The bart show-backups command shows the active full and incremental backups. The parent for a full backup is none and the parent for an incremental backup is the backup ID of the parent (which, again, may be a full or incremental backup). Note that when you create an incremental backup, you specify the ID (or name) of the parent backup.
-d, --delete-obsolete Delete backups marked obsolete [ec2-user@ip-172-25-1-34 bin]$ ./bart manage -s ppas96_34 -d INFO: removing all obsolete backups of server 'ppas96_34' INFO: removing obsolete backup '1494509223047' INFO: 2 WAL file(s) will be removed INFO: removing WAL file '000000010000000B00000071' INFO: removing WAL file '000000010000000B00000070' INFO: removing obsolete backup '1494508985643' INFO: 12 WAL file(s) will be removed INFO: 4 incremental(s) of backup '1494508985643' will be removed INFO: removing obsolete incremental backup '1494509186211' INFO: removing obsolete incremental backup '1494509169195' INFO: removing obsolete incremental backup '1494509089030' INFO: removing obsolete incremental backup '1494509064743' INFO: removing WAL file '000000010000000B0000006F' INFO: removing WAL file '000000010000000B0000006E' INFO: removing WAL file '000000010000000B0000006D' INFO: removing WAL file '000000010000000B0000006C' INFO: removing WAL file '000000010000000B0000006B' INFO: removing WAL file '000000010000000B0000006A' INFO: removing WAL file '000000010000000B00000069' INFO: removing WAL file '000000010000000B00000068' INFO: removing WAL file '000000010000000B00000067' INFO: removing WAL file '000000010000000B00000066' INFO: removing WAL file '000000010000000B00000065' INFO: removing WAL file '000000010000000B00000064' INFO: 2 Unused file(s) will be removed INFO: removing (unused) file '000000010000000B00000063' INFO: removing (unused) file '000000010000000B630000280000000B64000000.mbm'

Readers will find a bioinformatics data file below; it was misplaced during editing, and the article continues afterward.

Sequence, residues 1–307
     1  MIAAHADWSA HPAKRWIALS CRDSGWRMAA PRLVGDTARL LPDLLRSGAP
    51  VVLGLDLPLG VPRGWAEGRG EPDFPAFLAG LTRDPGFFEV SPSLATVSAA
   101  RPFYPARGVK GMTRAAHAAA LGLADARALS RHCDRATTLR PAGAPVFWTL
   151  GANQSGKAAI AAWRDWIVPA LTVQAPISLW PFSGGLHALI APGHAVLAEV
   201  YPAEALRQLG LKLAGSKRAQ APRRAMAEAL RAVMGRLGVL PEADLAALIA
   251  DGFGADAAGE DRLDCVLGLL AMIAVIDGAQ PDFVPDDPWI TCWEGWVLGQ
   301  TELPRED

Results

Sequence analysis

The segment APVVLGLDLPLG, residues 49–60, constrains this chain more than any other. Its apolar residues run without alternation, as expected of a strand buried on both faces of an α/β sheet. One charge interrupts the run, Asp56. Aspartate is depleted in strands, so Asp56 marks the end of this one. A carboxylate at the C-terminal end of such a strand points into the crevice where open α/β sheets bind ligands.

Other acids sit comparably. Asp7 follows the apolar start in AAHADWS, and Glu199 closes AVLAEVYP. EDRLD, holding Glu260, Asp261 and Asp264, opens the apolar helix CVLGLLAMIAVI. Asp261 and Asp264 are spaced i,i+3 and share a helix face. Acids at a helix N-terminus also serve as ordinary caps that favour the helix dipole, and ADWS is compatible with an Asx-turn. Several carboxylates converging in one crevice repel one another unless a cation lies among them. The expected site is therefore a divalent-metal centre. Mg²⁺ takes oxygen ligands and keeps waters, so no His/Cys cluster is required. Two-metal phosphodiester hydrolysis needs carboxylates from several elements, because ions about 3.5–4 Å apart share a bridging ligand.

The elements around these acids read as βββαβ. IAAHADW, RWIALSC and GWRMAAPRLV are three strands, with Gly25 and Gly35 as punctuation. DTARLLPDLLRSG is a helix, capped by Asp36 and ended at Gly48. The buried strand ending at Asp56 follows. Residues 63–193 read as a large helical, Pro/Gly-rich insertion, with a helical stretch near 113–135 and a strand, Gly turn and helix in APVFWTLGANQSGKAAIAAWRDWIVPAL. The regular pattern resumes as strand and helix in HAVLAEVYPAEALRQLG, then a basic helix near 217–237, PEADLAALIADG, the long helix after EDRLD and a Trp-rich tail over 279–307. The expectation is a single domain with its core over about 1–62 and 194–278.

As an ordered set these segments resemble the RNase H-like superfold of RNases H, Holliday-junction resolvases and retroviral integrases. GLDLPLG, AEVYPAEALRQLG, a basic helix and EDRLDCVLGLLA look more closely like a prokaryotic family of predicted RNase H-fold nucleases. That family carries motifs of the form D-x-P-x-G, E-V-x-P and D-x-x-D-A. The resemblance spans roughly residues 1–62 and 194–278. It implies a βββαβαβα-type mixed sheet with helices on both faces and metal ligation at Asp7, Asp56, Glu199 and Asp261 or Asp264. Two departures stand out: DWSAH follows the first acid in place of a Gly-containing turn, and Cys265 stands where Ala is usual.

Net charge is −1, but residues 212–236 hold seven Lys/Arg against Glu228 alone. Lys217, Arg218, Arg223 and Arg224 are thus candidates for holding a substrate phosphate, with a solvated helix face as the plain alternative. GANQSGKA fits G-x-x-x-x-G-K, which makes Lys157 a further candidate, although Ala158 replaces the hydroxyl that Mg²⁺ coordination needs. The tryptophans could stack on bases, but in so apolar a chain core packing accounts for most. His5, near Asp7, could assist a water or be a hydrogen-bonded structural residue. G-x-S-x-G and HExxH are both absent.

When EDB Postgres Backup and Recovery Tool manage command is executed for the ppas96_34 server with retention policy set to “1 BACKUP” (a redundancy-based policy), EDB Postgres Backup and Recovery Tool will mark the full backup, and its associated child backups, obsolete leaving one full backup and associated child backups as per the retention policy. It is important to note that the retention policy always applies to a full backup; the child backups and WALs associated with full backups are also marked obsolete.
As you can see below, running the bart MANAGE command for the ppas96_34 server, one full backup and all children of that full backup are retained; the other full backups and associated child backups are marked as obsolete.
To reiterate the point, the retention policy is always applied to full backups. The full backup and its associated incremental backups are treated as a single unit. When a full backup is marked obsolete by a retention policy, the associated incremental backups are also marked obsolete.
Changing the backup status to KEEP/NOKEEP follows the same approach. The status change is applied to full backup and, in turn, applies to all associated incremental backup as well.
The addition of Retention Management to EDB Postgres Backup and Recovery Tool provides DBAs with greater precision in plotting their overall data management strategies. As data volumes continue to soar, such features will become increasingly important.
For information on the EDB Postgres Platform and the Management Suite, which includes EDB Postgres Backup and Recovery Tool, contact email@example.com.